Another option is expanding the ‘direct-to-consumer’ approach which can work well when customer loyalty is strong. Panel member Rebecca Smart, CEO of Osprey group, warned that this was difficult to do and even more so to do it well. There is also pressure on publishers to discover new patterns and new supply chains but there are a wealth of tools to help them achieve that.

Ricoh’s Benoit Chatelard commented it was Interesting to note that the product is not the content, a book is an expression of the content.  It is how that content is marketed that is important. Andy Cork, Managing Director of printer Printondemand-worldwide agreed when he said, as a content aggregator, he needed to understand what publishers want and, as a printer, the business needs to evolve and develop ways to helping sell books.

Publishing and digital consultant Anna Rafferty explained when she was at Penguin a reader community was created as a channel to market but also as a way of gaining insight into market requirements that then informed decision making.

These perspectives were delivered on a backdrop of details on e-reader sales that highlighted a successful 2011 with spikes around Christmas and the release of the Kindle Fire. However global take up remains patchy. The UK is no longer so far behind the US and in Europe interest from Germany was set to increase, followed by Spain. France remains a long way behind. Australia was also a promising market as was India.

What was clear is that there is no one size that fits all and what is relevant in one space is not relevant in another. It is also not about what technology will allow us to do but what can be usefully done with it.

A New Publishing Vision from Ricoh at London Book Fair

Senior Publishing Execs attended the Ricoh Breakfast Briefing

Senior Publishing Execs attended the Ricoh Breakfast Briefing

 

A New Publishing Vision from Ricoh at London Book Fair

Books are different from many other sectors of print because alongside their functional use they create an emotional connection.  The result is people have choice preferences from a quality hardback or a small but perfectly formed paperback to a weighty academic tome or an e-reader.

It is these personal relationships Ricoh Europe PLC will be exploring at the London Book Fair, April 8- 10, at Earls Court, London on stand R505. We will be showcasing a number of interesting applications and services aimed at helping publishers look at their markets in new ways. They are designed to enhance traditional publishing processes with numerous exciting and compelling services that deliver something extra, beyond print.

 

Bridging the online and offline worlds

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One such technology is video books – where video screens embedded in a publication link to additional relevant content. On the stand will be two video-enabled booklets in action – an instruction book to train end-users and a promotion for teaching and learning resources.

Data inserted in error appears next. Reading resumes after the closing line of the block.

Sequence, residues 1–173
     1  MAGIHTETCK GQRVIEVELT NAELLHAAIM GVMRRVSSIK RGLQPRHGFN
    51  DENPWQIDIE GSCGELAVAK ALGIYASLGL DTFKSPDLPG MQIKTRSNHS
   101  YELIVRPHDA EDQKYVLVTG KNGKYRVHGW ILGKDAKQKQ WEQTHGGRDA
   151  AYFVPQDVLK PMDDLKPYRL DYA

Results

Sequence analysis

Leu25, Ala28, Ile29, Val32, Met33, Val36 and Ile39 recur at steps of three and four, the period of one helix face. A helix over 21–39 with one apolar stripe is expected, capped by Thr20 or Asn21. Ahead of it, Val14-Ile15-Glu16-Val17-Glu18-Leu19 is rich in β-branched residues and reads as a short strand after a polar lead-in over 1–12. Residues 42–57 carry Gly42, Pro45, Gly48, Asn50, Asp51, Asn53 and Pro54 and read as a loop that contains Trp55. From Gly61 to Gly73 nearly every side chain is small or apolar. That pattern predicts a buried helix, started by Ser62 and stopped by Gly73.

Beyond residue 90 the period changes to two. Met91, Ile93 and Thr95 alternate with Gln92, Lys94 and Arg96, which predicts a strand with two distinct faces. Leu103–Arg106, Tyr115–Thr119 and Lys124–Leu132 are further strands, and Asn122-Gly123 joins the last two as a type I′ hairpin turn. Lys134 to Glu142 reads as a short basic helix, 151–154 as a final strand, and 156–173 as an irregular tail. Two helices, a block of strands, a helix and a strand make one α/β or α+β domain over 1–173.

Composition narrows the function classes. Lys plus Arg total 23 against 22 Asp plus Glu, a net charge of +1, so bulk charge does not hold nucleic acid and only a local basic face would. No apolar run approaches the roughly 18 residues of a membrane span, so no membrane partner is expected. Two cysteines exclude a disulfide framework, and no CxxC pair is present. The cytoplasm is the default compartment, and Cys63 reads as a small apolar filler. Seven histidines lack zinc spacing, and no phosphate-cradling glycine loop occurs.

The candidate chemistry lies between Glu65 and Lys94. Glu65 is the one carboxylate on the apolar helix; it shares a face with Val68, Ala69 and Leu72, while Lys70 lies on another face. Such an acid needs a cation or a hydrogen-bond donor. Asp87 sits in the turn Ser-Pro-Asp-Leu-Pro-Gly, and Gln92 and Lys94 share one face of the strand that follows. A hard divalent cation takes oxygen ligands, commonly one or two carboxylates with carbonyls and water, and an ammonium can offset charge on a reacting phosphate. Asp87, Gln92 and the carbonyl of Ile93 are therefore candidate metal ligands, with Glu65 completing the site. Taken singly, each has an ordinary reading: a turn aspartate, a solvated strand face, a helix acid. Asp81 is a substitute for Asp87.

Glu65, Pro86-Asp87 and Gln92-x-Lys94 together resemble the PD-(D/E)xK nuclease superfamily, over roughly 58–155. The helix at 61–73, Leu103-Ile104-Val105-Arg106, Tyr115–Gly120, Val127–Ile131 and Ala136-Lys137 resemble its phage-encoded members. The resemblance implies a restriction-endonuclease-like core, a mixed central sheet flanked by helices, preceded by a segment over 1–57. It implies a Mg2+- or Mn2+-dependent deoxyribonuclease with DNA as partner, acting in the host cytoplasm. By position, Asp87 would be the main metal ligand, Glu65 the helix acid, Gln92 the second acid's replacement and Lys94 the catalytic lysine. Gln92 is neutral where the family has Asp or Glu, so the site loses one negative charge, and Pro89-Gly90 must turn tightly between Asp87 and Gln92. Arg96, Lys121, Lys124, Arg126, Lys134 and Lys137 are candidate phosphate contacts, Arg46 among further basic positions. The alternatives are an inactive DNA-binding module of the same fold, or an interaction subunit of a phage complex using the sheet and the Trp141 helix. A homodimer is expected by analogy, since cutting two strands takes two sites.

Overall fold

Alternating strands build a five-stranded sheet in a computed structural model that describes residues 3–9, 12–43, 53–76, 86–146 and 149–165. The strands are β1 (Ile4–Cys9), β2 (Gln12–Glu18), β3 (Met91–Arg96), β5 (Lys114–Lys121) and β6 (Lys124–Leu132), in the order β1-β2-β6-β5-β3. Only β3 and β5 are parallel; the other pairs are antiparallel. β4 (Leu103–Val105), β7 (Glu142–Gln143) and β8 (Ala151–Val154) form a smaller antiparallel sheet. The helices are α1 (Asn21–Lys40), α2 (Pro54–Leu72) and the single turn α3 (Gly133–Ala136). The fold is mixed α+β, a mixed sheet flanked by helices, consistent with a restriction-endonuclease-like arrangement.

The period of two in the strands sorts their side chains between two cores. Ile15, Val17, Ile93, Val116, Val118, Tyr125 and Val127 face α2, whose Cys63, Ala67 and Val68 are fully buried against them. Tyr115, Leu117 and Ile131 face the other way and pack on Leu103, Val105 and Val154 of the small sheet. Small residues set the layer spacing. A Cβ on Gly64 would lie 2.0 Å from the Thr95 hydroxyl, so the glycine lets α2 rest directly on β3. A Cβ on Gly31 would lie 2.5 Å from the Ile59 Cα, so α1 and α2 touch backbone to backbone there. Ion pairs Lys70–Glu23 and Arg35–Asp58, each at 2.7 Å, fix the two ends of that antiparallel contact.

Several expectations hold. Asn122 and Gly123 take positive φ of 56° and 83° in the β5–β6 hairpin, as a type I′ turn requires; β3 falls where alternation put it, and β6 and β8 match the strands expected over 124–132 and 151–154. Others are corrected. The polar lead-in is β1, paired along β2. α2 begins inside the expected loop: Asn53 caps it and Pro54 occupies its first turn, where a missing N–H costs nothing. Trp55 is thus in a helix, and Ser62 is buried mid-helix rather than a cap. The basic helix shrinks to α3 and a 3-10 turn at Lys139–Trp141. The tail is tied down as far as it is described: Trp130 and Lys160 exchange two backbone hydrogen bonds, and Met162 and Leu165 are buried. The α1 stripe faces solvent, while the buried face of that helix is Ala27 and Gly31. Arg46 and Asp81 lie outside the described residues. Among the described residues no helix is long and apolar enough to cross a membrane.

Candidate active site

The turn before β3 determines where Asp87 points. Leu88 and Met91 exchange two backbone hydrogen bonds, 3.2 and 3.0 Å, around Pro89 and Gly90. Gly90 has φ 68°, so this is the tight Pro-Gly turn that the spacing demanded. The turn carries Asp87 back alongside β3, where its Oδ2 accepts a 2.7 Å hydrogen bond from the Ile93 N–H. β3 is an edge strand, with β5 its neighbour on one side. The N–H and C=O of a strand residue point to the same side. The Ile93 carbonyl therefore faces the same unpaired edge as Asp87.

Another is interactive Clickable Paper that bridges the printed page and the online world to provide immediate one-touch access to multiple online resources such as photos, video/multimedia, web sites, e-commerce portals and social networks. It extends the value of the printed page and delivers far-reaching added value to readers, the magazine publisher and advertisers. Adoptees include Dutch Business Magazine De Zaak – it has utlilised Clickable Paper to add value to its publications – and Barnwell Print in the UK which has enhanced books with value-added multi-media content. On stand Where to Fish in Norfolk will offer a real example of this in action.

We are also developing solutions that support the demand for information to be provided across a variety of media. Open Text Book Portal is an online service that enables organisations such as universities to provide students with access to textbook content in multiple formats including print, Word documents and ebooks.

 

Custom textbooks and Digitally Printed Books

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Then there is our Custom Textbook initiative for the digital production of tailored textbooks.  For example  the US, there is a large market for customised textbooks and we expect this to become a significant growth market in Europe, particularly with opportunities such as those presented by university professors that prefer to create their own specific course materials rather than rely on predefined textbooks.

Visitors will be able to learn more about these technologies and more by viewing an unmissable 42-inch touch-screen Electronic Learning Table providing access to detailed information, documents, examples and videos.

Of course there will be book printing examples too with some created especially for the show including The Cult of Porsche: In the Beginning. The book is designed to be a print experience ‘like no other’ using the very latest digital printing technologies and papers.

 

So drop by and see how to start a new chapter in your publishing strategy.